The initial political and media reaction to the announcement last month that scientists had turned human skin cells into what appear to be embryonic stem cells was that the long-simmering stem cell debate would now cool.
“Everyone was waiting for this day to come. You should have a solution here that will address the moral objections that have been percolating for years,” said the Rev. Tadeusz Pacholczyk, director of the National Catholic Bioethics Center.
“The science has overtaken the politics,” White House policy adviser Karl Zinsmeister told The Washington Post.
But scientists involved in the field are not so sure.
“This is a very interesting and very important finding, but it is not the end of the story,” the University of Minnesota’s Dr. Dan Kaufman said in an interview with MinnPost.
“The research groups did this by working with embryonic cells so it’s a little disingenuous to say embryonic cells won’t be needed,” said Kaufman, who conducts stem cell research at the university’s Stem Cell Institute.
President Bush has twice vetoed legislation that would ease restrictions on embryonic stem cell research and provide federal funding. Proponents from both political parties and from both sides of the abortion debate supported the legislation, arguing that such research may lead to cures for debilitating illnesses such as Parkinson’s, Alzheimer’s and diabetes.
Kaufman said that embryonic cells are the “gold standard” with which the new cells will have to be compared. And, he added, there are potential problems with the new cells that have to be studied over the next several years. Congressional stem cell legislation, he said, is still important for researchers like him around the country.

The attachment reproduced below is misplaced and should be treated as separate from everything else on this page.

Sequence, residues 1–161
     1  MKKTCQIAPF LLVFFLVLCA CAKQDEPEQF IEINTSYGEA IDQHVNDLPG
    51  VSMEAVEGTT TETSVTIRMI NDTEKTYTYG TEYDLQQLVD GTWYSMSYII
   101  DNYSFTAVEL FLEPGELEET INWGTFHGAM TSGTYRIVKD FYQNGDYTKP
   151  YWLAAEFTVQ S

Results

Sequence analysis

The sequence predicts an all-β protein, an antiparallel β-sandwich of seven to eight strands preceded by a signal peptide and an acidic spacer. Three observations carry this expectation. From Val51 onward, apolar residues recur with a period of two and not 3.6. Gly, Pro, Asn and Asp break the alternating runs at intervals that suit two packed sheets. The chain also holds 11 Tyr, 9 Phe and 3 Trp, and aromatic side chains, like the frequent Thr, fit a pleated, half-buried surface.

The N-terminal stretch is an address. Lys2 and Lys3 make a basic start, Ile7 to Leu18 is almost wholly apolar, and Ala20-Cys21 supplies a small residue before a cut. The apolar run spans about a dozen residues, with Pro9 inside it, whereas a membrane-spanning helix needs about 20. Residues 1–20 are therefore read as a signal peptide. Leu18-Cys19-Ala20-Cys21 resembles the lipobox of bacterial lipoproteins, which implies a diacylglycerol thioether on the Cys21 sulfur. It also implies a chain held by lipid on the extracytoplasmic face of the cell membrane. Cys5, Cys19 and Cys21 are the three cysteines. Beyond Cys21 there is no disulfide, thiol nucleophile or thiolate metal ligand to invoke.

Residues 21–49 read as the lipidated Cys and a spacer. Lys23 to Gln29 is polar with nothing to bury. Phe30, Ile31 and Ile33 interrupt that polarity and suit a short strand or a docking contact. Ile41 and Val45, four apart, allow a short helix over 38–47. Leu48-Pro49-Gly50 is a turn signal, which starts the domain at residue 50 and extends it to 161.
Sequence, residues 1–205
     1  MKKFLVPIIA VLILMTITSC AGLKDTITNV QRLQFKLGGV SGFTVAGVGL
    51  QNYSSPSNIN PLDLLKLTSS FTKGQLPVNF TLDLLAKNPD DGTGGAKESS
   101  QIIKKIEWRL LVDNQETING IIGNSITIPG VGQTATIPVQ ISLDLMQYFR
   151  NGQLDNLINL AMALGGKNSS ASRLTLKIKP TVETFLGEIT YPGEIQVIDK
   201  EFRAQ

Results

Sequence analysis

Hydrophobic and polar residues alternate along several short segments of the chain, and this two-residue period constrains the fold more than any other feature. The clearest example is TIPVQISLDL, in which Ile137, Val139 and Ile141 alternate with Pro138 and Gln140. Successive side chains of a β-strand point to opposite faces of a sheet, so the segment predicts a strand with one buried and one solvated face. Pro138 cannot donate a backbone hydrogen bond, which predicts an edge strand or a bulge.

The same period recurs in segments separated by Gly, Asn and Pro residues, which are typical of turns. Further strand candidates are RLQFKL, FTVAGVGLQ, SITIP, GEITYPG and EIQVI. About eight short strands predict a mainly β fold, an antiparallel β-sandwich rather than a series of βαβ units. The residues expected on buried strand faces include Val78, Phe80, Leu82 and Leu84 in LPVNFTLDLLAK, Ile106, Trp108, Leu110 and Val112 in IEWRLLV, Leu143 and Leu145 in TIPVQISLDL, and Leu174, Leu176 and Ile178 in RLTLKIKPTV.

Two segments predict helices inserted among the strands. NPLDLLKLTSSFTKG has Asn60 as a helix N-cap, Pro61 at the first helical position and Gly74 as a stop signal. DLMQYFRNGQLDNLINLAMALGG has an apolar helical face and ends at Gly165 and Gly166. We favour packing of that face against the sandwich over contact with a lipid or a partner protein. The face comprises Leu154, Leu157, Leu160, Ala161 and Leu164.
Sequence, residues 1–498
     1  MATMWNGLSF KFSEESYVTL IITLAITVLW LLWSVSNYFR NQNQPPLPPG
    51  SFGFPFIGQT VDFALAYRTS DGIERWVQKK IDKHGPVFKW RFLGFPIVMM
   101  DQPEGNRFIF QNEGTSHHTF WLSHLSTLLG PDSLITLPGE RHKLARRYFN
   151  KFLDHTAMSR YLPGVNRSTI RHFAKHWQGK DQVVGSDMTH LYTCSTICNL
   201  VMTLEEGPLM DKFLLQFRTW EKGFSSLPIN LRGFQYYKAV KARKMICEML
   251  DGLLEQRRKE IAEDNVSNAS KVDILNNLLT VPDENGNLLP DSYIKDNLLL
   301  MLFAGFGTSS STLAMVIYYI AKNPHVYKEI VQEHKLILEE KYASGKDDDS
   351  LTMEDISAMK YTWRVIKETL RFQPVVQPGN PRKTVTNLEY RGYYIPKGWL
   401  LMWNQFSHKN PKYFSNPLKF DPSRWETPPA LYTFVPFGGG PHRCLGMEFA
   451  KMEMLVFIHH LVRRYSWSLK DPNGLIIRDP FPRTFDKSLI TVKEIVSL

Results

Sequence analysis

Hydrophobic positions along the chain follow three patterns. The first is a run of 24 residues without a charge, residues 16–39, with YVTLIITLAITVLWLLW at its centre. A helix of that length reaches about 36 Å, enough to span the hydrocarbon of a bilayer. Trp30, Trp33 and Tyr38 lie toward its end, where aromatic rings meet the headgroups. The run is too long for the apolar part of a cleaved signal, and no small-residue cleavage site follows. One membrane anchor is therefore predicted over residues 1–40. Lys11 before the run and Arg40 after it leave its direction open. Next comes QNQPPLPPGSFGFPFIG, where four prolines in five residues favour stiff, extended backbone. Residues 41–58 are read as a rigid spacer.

‘Life and death’
Political supporters of the congressional legislation are more blunt.
“You’ve got a life and death situation here,” said Sen. Arlen Specter, R-Penn., a sponsor of the legislation vetoed by Bush. “And if we can find something which is certifiably equivalent to embryonic stem cells, fine. But we aren’t there yet.”
Newsweek writes that one result of the new research development is that the public will realize that some people have had a simplistic idea that somehow stem cells would lead directly to cures in the short-term. “Instead of yielding cures directly, stem cells — reprogrammed and embryonic alike — will take their place alongside other lab systems for studying disease,” said Newsweek.
What victims and their families (including my own; my wife has suffered from the consequences of Type I or juvenile diabetes for more than 20 years) have always counted on in this type of research is not that a cure is around the corner, but rather that there is a sense of hope and not more misery.
Columnist Michael Kinsley, who suffers from Parkinson’s disease, argued in Time that “any Republicans who think the stem-cell breakthrough gets them off the hook are going to end up very unhappy. This issue will not go away.
“Even if this were a true turning point in stem-cell research, people like me are not going to quickly forget those six lost years. I am 56. Last year I had a kind of brain surgery that dramatically reduces the symptoms of Parkinson’s. It received government approval only five years ago. Every year that goes by, science opens new doors, and every year, as you get older and your symptoms perhaps get worse, doors get shut. Six years of delay in a field moving as fast as stem-cell research means a lot of people for whom doors may not open until it is time for them to shut.”
Doug Stone is director of College Relations at Macalester College in St. Paul and a former reporter for the Minneapolis Tribune and assistant news director at WCCO-TV. The views in this article are not those of Macalester College.